What happens to untreated uterine fibroids?

According to the clinical recommendations of 2015 for the treatment of uterine fibroids, this benign tumor is diagnosed in 30–35% of women of reproductive age. In fact, every third woman in the world becomes a victim of this disorder. What to do if you are diagnosed with this issue? Does it require to be immediately prepared for the operation or is it enough to be under the supervision of the doctor?

Is it worth it to agree on the removal of the uterus?

In recent years, doctors' views about uterine fibroids have changed. Thus, it was previously believed that this problem develops due to hormonal imbalance. Currently, it is known that this factor does not affect the myoma nodes development. For a long time, gynecologists believed that fibroids could cancerate. In fact, myomatous nodes transform into a malignant tumor – leiomyosarcoma – no more often than healthy uterine tissue.

The tactics of treatment has changed as well. Previously, a woman has been followed up by gynecologists for a long time, she was prescribed periodic ultrasounds, and when myoma reached a large size, they offered a surgery to remove the node or uterus entirely. Currently, it is believed that the uterectomy is an extreme measure. Minimally invasive techniques, such as uterine artery embolization (UAE), are becoming increasingly popular.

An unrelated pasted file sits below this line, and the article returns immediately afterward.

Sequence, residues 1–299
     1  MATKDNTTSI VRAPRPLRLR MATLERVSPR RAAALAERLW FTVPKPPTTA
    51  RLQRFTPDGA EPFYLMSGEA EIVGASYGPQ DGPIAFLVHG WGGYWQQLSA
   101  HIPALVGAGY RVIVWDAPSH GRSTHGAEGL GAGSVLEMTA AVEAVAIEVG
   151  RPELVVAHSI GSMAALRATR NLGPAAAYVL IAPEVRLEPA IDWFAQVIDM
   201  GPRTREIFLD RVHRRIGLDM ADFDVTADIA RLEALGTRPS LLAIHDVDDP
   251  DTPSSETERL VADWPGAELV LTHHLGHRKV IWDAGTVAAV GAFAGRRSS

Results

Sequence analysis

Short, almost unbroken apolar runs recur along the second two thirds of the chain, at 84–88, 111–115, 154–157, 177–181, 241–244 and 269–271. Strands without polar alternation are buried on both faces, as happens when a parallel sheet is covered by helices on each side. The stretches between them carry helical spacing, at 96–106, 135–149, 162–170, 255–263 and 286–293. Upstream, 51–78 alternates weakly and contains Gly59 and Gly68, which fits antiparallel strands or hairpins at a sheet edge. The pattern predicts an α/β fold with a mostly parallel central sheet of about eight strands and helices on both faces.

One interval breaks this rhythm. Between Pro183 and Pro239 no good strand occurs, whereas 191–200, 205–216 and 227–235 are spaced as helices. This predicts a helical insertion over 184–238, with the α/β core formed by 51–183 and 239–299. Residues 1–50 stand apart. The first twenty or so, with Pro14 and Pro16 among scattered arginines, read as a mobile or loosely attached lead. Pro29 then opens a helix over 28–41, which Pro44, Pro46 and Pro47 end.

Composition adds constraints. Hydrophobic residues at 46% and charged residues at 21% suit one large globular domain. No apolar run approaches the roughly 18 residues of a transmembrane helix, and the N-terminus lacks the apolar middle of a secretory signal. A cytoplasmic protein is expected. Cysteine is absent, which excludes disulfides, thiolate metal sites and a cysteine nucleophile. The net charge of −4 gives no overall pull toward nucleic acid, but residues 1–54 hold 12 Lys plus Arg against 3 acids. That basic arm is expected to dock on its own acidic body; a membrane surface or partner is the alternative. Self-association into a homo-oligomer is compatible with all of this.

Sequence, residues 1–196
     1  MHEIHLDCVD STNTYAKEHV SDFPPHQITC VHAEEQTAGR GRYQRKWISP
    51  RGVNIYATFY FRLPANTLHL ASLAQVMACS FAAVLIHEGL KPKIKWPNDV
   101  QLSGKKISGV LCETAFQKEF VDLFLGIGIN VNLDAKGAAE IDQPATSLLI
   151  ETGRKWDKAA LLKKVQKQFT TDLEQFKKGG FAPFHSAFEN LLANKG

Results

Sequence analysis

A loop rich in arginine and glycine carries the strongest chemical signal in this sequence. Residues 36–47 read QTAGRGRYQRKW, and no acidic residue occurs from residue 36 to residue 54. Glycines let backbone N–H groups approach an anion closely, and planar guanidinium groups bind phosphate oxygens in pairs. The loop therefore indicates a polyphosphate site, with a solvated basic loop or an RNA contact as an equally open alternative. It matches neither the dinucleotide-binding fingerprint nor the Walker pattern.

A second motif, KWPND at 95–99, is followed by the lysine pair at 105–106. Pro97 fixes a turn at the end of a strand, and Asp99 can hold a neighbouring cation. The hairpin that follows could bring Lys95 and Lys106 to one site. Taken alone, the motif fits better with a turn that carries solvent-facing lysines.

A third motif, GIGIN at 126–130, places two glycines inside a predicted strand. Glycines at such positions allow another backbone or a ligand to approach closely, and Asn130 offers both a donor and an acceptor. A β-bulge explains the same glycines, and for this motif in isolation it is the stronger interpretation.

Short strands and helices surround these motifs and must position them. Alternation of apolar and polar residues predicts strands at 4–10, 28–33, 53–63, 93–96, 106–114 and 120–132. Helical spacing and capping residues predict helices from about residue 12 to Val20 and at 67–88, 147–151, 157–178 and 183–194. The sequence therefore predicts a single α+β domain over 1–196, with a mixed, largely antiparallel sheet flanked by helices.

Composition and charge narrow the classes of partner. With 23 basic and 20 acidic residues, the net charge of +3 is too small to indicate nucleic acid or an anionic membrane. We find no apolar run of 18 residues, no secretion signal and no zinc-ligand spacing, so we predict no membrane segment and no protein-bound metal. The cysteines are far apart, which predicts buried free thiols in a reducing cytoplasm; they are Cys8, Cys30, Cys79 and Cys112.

The presence of myomatous nodes is not a reason to treat myoma. The need to undergo a course of therapy is determined by four factors: the presence of symptoms reducing the quality of life: anemia, urination disorders due to compression of the bladder; a woman wishes to become pregnant in the near future or in the long term; the growth of nodes, recorded during two or three consecutive ultrasound examinations of the abdominal cavity; the age of the woman. Myoma is a disease which stops to cause inconvenience to women in the postmenopausal period: the nodes cease to grow.

Among all the proposed methods of treatment, only three have been proven to be effective: surgical intervention, UAE, and, very limitedly, drug treatment with progesterone receptor blockers.

Myomectomy can be performed in the classical way (through an incision) or laparoscopically. Currently, “open” surgeries are a thing of the past, doctors prefer less traumatic interventions – laparoscopic. Nodes that grow into the uterine cavity are removed through the vagina using a special endoscopic instrument with a loop — a resectoscope.

UAE is a procedure during which the physician injects an embolizing drug through the catheter into the vessels feeding the myoma. The latter consists of particles that block the blood flow in the vessels of the fibroids and deprive the pathologically overgrown tissues of oxygen. Myomatous node dies, then it is replaced by connective tissue and decreases in size.

At the moment, it is advisable to use for the treatment of fibroids – progesterone receptor blocker, ulipristyl acetate. The drug is most effective when taken in 2–3 cycles (but not more than 4) with intervals of 2 months including assessment of the changes dynamics using ultrasound. At the same time, up to 60% of cases show regression of myomatous nodes. The advantage of this approach is that the drug is well tolerated.

Published at 10/13/2018

  • Women’s Health
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